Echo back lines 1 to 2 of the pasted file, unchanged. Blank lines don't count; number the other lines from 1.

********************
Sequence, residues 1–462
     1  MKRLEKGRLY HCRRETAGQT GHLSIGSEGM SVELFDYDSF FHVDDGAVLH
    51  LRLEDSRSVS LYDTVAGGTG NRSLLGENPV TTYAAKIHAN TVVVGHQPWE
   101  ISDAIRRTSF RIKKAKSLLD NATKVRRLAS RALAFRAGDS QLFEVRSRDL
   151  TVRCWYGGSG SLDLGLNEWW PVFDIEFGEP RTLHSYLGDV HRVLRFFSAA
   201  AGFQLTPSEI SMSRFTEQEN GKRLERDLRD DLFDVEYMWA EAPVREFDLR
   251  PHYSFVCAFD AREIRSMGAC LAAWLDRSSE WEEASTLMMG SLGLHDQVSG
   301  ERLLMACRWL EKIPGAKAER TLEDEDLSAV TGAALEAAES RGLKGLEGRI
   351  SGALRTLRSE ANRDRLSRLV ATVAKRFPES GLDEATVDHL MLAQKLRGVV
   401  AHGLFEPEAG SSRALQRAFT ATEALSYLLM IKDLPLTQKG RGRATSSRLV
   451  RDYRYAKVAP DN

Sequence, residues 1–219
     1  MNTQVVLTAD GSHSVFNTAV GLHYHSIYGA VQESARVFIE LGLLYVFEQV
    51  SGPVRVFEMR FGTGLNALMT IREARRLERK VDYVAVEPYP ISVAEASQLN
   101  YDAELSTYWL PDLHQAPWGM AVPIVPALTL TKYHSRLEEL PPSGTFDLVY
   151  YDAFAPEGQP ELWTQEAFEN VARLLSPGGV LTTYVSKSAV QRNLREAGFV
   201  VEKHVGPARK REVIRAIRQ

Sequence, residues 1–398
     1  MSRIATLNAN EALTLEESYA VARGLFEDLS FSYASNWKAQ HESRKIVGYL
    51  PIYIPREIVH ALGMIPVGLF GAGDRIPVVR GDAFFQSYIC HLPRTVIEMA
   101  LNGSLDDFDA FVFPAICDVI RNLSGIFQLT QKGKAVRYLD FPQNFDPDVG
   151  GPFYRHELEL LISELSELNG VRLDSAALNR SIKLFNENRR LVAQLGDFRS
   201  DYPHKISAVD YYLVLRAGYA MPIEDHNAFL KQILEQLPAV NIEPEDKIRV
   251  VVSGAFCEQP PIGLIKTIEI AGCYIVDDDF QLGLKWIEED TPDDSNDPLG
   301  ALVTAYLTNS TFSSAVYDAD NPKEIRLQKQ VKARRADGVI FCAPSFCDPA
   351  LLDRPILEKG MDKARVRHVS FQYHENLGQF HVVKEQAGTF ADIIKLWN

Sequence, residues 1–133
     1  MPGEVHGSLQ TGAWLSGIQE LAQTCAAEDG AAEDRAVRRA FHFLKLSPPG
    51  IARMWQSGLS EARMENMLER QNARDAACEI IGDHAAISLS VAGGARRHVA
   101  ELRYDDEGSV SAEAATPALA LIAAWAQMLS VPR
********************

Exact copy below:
Sequence, residues 1–462
     1  MKRLEKGRLY HCRRETAGQT GHLSIGSEGM SVELFDYDSF FHVDDGAVLH